Due to my teaching background, I always enjoy talking to parents and learn about their children and their views of inclusion. This happened in one of the social events the Alumni office had organised for us. In this event, a number of parents of children with Special Needs gave us an idea of the current situation and their perspectives on where the system is lacking. It was interesting to see that their children’s needs have empowered those parents as they have taken initiatives to create independent organisations for the support of parents and children (e.g. Association for Down’s syndrome). This showed me the power and the influence parents can have in their children’s education and the bottom-up developments to inclusion that can happen from parents’ attempts.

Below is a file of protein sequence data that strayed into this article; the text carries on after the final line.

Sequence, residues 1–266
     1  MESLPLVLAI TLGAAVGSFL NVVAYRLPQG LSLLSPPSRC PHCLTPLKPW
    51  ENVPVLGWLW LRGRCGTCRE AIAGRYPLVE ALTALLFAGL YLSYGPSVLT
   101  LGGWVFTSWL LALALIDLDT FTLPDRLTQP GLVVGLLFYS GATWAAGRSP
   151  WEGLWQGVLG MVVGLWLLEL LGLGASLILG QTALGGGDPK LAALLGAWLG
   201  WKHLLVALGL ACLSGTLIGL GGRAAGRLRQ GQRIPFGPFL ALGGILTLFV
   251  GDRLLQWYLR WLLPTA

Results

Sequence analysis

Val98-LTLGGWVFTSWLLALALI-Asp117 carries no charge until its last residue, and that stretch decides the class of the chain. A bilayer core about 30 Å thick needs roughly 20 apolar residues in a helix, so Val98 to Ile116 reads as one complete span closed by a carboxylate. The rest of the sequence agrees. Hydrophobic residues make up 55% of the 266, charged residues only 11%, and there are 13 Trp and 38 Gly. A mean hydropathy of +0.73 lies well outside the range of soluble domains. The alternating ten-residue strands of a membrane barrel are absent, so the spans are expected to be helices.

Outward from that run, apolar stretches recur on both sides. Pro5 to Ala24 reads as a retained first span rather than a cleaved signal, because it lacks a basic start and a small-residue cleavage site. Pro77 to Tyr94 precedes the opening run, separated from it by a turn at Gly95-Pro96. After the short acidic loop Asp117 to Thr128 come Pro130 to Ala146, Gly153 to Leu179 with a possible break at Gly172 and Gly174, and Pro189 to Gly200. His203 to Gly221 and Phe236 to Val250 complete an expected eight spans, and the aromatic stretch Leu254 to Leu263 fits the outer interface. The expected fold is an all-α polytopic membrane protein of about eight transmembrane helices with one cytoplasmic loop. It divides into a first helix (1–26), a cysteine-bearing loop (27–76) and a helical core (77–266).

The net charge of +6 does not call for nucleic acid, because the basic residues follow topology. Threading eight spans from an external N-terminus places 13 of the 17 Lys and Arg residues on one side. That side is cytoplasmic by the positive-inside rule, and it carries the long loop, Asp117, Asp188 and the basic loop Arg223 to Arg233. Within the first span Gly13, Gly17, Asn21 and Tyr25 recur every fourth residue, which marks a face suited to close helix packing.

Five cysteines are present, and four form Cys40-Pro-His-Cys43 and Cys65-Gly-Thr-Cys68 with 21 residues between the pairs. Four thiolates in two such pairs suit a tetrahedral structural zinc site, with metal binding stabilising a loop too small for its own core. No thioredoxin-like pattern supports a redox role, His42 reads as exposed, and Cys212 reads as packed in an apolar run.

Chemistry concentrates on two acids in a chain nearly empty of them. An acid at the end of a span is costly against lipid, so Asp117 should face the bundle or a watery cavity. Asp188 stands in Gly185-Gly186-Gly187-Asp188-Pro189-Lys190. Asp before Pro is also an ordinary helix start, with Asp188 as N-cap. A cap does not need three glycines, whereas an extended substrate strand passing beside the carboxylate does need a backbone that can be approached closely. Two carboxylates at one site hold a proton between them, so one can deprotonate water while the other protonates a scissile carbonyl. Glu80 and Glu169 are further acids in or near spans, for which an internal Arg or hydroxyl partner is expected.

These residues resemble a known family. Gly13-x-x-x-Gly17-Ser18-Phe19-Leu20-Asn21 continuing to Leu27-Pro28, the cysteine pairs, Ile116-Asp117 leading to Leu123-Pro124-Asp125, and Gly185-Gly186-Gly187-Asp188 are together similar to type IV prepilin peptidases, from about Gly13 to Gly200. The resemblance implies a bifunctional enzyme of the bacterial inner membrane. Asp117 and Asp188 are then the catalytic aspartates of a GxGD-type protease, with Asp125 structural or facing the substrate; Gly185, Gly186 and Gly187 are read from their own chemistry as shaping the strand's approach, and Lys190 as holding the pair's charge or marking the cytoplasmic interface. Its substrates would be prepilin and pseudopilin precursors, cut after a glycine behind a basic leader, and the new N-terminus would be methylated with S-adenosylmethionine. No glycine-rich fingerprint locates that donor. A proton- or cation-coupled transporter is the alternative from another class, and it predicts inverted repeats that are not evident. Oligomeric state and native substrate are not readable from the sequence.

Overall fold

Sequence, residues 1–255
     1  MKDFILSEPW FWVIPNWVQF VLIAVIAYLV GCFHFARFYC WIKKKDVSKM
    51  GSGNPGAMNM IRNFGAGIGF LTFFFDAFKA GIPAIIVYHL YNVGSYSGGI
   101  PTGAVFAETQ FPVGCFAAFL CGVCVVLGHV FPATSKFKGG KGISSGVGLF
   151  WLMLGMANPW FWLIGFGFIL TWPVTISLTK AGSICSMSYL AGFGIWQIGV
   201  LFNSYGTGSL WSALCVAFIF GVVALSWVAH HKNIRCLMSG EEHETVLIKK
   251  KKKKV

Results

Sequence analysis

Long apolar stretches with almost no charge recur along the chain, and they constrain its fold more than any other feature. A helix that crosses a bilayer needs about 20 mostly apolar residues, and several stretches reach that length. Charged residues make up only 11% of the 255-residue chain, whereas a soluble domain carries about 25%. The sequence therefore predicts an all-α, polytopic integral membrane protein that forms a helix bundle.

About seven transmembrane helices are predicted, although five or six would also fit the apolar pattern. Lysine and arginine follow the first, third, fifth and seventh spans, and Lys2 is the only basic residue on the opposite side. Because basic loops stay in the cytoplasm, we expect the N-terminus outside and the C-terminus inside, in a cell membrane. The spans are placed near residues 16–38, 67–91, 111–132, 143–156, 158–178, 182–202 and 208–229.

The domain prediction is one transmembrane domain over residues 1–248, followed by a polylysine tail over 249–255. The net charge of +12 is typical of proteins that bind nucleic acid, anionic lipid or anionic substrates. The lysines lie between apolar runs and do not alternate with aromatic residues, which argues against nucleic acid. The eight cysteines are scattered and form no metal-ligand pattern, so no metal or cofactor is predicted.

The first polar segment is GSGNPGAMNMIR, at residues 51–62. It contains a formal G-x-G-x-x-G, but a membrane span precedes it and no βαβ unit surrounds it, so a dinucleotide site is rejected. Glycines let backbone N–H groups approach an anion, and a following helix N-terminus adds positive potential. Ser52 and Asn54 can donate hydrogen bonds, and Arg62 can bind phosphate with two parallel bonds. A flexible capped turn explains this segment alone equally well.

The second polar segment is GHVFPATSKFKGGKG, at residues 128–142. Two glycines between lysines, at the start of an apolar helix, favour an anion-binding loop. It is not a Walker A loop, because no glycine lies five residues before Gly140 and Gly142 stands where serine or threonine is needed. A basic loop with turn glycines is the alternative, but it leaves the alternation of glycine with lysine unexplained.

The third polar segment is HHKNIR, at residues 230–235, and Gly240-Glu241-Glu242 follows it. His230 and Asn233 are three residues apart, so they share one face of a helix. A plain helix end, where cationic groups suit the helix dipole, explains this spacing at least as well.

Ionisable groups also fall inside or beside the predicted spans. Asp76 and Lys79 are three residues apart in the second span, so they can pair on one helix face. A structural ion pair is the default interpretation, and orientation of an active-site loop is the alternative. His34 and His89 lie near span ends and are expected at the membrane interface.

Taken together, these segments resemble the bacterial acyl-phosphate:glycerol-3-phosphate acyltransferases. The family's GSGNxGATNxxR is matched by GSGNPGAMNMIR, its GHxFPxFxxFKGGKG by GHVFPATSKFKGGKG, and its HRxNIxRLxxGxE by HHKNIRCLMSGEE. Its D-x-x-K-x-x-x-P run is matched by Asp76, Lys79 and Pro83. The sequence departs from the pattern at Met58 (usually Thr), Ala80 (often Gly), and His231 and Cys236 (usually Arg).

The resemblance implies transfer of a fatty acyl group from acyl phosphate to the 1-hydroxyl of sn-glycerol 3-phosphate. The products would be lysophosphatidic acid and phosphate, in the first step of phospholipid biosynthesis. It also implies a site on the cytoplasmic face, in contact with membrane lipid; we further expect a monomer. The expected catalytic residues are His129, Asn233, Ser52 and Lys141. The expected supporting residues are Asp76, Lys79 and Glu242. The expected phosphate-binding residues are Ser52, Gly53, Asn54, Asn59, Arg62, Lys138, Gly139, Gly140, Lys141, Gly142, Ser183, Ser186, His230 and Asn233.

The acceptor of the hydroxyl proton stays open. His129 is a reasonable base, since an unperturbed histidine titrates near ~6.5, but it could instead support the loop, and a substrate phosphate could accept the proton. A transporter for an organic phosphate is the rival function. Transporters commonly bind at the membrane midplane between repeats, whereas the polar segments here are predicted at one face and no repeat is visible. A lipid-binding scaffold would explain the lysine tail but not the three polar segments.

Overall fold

So, different points of view, different voices and standpoints gave us an idea about what the current situation in Malaysian education is and what can be done next for inclusion to be enhanced. The feedback and the questions my colleagues and I had from the people we came in contact with certainly painted a picture about the areas that need further development but also areas we can learn some lessons from.  

What we did not manage to do in this visit is talk to the agents of inclusive developments, the learners themselves; these are the most important of all voices.

Perhaps next time…


Dr Maria Reraki presenting on identifying and supporting learners with dyslexia and reading difficulties.

Dr Maria Reraki presenting on identifying and supporting learners with dyslexia and reading difficulties.